All of Us with Wings
By Michelle Ruiz Keil
Published June 18, 2019 by Soho Press
Michelle Ruiz Keil’s YA fantasy debut about love, found family, and healing is an ode to post-punk San Francisco through the eyes of a Mexican-American girl.
Seventeen-year-old Xochi is alone in San Francisco, running from her painful past: the mother who abandoned her, the man who betrayed her. Then one day, she meets Pallas, a precocious twelve-year-old who lives with her rockstar family in one of the city’s storybook Victorians. Xochi accepts a position as Pallas’s live-in governess and quickly finds her place in their household, which is relaxed and happy despite the band’s larger-than-life fame.
But on the night of the Vernal Equinox, as a concert afterparty rages in the house below, Xochi and Pallas accidentally summon a pair of ancient creatures devoted to avenging the wrongs of Xochi’s adolescence. She would do anything to preserve her new life, but with the creatures determined to exact vengeance on those who’ve hurt her, no one is safe—not the family she’s chosen, nor the one she left behind.
All of Us with Wings really blew me away. I went into it not knowing anything more than the description, and it was everything that’s in the blurb and so much more. This is magical realism set in the late 1980s in San Francisco, and it’s a weirdly lovely book.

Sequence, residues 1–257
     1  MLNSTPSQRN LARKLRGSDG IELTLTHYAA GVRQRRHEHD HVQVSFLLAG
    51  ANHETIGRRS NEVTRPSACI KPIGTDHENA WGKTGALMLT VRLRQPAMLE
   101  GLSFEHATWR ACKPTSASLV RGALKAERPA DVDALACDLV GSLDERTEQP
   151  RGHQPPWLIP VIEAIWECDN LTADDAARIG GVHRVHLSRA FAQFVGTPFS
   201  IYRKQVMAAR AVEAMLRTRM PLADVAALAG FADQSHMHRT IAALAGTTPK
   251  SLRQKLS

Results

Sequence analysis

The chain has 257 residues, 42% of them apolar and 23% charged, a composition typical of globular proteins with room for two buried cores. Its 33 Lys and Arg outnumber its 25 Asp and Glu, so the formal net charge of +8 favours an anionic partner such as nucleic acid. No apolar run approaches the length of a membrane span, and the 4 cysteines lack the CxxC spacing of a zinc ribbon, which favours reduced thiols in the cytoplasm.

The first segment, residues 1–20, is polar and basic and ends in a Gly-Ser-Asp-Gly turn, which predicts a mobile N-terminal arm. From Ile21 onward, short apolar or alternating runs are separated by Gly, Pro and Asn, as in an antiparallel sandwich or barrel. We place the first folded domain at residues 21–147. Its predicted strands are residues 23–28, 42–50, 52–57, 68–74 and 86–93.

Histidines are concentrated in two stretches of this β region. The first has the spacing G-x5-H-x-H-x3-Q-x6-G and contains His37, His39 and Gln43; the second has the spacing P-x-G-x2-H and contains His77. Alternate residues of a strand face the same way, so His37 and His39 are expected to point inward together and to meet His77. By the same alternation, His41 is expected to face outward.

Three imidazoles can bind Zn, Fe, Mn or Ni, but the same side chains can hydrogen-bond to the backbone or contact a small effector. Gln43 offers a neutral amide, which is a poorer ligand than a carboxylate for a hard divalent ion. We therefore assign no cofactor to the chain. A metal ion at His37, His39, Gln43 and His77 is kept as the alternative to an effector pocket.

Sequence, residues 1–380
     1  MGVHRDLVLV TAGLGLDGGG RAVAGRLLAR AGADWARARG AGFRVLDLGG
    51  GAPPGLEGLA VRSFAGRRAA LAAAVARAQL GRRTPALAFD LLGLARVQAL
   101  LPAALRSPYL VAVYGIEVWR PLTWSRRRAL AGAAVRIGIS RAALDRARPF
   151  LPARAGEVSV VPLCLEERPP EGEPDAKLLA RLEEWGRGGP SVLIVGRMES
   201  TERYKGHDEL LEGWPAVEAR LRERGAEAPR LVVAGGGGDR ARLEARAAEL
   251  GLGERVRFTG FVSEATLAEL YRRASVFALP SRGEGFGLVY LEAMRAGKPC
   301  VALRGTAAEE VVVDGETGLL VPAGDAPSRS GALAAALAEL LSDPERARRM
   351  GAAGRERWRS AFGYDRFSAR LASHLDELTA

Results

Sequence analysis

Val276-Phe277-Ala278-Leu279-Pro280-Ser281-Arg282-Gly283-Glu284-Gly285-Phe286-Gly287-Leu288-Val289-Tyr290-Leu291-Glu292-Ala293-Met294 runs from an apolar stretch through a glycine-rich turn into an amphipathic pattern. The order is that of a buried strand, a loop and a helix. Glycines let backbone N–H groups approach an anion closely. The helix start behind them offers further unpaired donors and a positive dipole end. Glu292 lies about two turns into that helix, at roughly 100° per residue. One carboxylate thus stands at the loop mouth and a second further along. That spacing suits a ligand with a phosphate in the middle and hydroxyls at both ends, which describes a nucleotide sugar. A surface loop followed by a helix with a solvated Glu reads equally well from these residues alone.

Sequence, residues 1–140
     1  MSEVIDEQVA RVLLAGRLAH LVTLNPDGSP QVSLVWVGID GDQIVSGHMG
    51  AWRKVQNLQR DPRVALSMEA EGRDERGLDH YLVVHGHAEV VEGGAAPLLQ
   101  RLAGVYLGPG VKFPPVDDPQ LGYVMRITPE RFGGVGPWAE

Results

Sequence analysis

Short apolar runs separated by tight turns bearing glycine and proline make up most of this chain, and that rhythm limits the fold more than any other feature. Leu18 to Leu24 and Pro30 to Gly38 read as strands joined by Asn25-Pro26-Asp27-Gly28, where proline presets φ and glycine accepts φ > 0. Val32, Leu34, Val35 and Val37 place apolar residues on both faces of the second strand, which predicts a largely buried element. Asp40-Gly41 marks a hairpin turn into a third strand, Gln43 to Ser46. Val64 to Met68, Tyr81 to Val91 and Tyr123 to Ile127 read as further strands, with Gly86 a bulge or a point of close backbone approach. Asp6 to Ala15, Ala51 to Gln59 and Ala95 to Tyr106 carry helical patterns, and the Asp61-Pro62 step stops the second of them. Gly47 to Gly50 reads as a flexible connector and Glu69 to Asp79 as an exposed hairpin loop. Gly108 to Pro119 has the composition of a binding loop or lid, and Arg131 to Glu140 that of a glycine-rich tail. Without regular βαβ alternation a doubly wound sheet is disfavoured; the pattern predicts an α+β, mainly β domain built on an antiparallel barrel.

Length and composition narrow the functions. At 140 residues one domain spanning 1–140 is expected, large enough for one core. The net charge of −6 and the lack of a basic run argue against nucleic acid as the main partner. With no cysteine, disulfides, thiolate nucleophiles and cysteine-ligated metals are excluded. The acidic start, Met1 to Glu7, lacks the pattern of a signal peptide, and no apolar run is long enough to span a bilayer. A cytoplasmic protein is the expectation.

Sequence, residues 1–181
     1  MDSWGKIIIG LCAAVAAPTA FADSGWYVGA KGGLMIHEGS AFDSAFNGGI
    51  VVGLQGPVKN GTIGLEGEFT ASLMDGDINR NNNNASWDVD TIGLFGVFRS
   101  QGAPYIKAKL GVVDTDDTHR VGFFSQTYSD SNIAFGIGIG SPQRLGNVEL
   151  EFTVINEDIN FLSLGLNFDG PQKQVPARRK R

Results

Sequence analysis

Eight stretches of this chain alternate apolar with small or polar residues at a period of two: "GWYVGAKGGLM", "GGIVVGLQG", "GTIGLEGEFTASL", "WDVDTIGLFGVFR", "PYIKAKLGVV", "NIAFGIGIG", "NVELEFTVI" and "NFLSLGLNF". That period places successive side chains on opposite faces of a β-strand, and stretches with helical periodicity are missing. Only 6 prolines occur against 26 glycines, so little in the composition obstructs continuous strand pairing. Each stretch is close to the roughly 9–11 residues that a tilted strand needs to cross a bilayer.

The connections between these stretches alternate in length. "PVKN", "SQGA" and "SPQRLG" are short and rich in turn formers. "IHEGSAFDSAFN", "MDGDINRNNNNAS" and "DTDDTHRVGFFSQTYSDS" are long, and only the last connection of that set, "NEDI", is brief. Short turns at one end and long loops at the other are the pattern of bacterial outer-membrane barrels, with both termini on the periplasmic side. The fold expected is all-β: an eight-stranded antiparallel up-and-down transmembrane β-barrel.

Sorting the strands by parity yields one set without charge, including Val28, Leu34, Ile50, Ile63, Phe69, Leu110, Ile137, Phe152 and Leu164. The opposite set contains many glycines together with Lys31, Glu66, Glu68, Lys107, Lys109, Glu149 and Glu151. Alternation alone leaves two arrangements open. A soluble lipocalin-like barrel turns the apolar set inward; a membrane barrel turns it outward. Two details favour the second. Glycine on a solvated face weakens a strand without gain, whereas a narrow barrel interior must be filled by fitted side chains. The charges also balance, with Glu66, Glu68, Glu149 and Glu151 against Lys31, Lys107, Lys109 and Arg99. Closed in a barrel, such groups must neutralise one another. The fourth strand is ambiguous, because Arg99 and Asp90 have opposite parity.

There’s a hint of Jane Eyre to the story. At 17, Xochi has fled her past and landed in San Francisco, where she’s befriended by Pallas, the precocious 12-year-old daughter of rock stars Io and Leviticus. The family hires her to be Pallas’ governess and she moves into the family mansion, which is also inhabited by various band mates.
For a girl who doesn’t have a family (her mother ran off and her adopted grandmother is dead), Xochi quickly finds a place in the ramshackle household. When she and Pallas unwittingly summon two creatures who want to protect Xochi and harm anyone who hurts her, all hell breaks loose.
The book is beautifully written and really evokes San Francisco in the late 1980s. At the same time that Xochi is finding a family of sorts, she’s falling in love with the city. There’s lots of sex, drugs, and rock and roll. It’s gritty and realistic in some ways, but it’s also magical realism (one of the multiple narrators is a cat). I was totally absorbed in the story, even as I cringed at times at some of things the Xochi does.
This book feels fairly mature for YA. There’s lot of sex, drugs, and rock and roll, and although the main character is a teen, there are multiple narrators of varying ages. It’s a coming of age story, but it’s the sort of book that may appeal to adult readers as well as teens.
CW: rape, drug use, relationship between a teenage girl and an older man
I received an ARC from the published via Amazon Vine.